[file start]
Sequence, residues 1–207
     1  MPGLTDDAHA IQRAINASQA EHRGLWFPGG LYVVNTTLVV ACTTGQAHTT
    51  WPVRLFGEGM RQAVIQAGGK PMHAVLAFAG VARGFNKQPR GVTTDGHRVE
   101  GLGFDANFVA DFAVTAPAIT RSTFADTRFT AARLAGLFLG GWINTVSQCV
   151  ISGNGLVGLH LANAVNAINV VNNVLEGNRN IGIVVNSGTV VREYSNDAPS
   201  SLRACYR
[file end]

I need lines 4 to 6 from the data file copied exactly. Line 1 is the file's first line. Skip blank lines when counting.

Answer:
   101  GLGFDANFVA DFAVTAPAIT RSTFADTRFT AARLAGLFLG GWINTVSQCV
   151  ISGNGLVGLH LANAVNAINV VNNVLEGNRN IGIVVNSGTV VREYSNDAPS
   201  SLRACYR